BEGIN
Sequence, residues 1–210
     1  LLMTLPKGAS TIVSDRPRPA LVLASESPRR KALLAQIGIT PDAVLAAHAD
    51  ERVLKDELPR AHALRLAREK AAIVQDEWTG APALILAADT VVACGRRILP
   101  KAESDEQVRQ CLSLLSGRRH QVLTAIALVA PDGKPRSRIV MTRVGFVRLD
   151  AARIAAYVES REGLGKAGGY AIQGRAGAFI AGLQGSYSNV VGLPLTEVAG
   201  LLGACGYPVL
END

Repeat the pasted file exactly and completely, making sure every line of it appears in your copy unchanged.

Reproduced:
Sequence, residues 1–210
     1  LLMTLPKGAS TIVSDRPRPA LVLASESPRR KALLAQIGIT PDAVLAAHAD
    51  ERVLKDELPR AHALRLAREK AAIVQDEWTG APALILAADT VVACGRRILP
   101  KAESDEQVRQ CLSLLSGRRH QVLTAIALVA PDGKPRSRIV MTRVGFVRLD
   151  AARIAAYVES REGLGKAGGY AIQGRAGAFI AGLQGSYSNV VGLPLTEVAG
   201  LLGACGYPVL